When invasive “yellow crazy ants” attack

Yellow crazy ants (Anoplolepis gracilipes) in Maliau Basin (Photo: Steve Shattuck/Flickr)

Yellow crazy ants (Anoplolepis gracilipes) in Sabah, Malaysia (Photo: Steve Shattuck/Flickr)

Some time ago — scientists guess between 1915 and 1934 – the yellow crazy ant (Anoplolepis gracilipes) was accidentally brought to Australia’s Christmas Island. These ants, known for their predatory behavior, can kill organisms over 500 times their size, says ant expert Dr. Kirsti Abbott at TEDxSydneySalon, and since their arrival on Christmas Island, have killed tens of millions of the island’s beloved red land crabs.

Red land crabs are key to the health of the Christmas Island ecosystem, Abbott says. “The red crab is a keystone species and a gardener that eats seeds and seedlings and leaf litter and creates a very open understory [in the island's rainforest].

Baby red crabs on Christmas Island (Photo: Parks Australia)

Baby red crabs on Christmas Island (Photo: Parks Australia)

To kill a crab, the ants spray formic acid from their abdomens and then either let an immobilized crab dehydrate to death or rip it to pieces. By 2002, super-colonies of yellow crazy ants “covered over 2,500 hectares [of rainforest on Christmas Island],” Abbott says, making life very hard for red land crabs. “On every surface in three-dimensions [was] a moving carpet of yellow ants.”

Dead red crabs on Christmas Island (Photo:)

Red crabs on Christmas Island killed by yellow crazy ants (Photo: Luke S. O’Loughlin)

“By killing the red land crabs, [the ants] were removing a keystone species,” Abbott says. “They actually changed the entire structure and composition of the rainforest [on Christmas Island] … The seeds grew into seedlings and clogged the understory of the rainforest. The leaf litter built up and created a habitat for unwanted customers.”

Scientists tracked ant-related changes on Christmas Island over time (Photo: Luke S. O'Loughlin)

How ants changed the Christmas Island rainforest (Photo: Luke S. O’Loughlin)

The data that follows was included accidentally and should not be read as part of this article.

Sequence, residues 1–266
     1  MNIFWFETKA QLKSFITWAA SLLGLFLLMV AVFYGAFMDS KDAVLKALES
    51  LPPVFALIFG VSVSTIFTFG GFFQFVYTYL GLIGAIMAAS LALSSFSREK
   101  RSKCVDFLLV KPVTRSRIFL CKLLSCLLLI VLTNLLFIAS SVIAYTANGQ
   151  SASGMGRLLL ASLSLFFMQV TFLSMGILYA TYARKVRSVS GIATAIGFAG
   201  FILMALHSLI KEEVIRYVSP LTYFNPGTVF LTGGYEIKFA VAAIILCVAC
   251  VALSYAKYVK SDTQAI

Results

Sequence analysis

Abbott was determined to figure out how this explosion of ants happened. Her hypothesis? The weather. More specifically — a dry, stressed forest. The thing is, crazy yellow ants do not live on crabs alone. Their super-colonies depend on carbohydrates from a type of bug called, Tachardina aurantiaca, or yellow scale bug. This scale-shaped parasite sucks sap from trees and then releases “a sweet secretion from their anal pore called honeydew,” which the ants eat.

Yellow crazy ants (Anoplolepis gracilipes) share honeydew farmed from  yellow scale bugs (Photo: Parks Australia)

Yellow crazy ants share honeydew farmed from yellow scale bugs (Photo: Parks Australia)

And these scale bugs thrive when trees are stressed, Abbott says, because when trees are stressed “they mobilize nitrogen and other elements in their phloem that sap-sucking insects can access a little bit more readily … [elements] that are otherwise bound up in defense systems,” she says.

When the crazy ant populations exploded “there was an El Niño system over the Indian Ocean,” Abbott says. “The forest [on Christmas Island] was incredibly dry and water-stressed.”

Yellow crazy ants with scale insects (Photo: Luke S. O'Loughlin)

Yellow crazy ants with scale insects (Photo: Luke S. O’Loughlin)

While an El Niño system could be the explanation for the rise of the crazy ants, Abbott isn’t completely sure if it is. She and her fellow researchers are still searching for the full story — and working on ways to re-balance the Christmas Island ecosystem.

To learn more, watch Abbott’s whole talk below:

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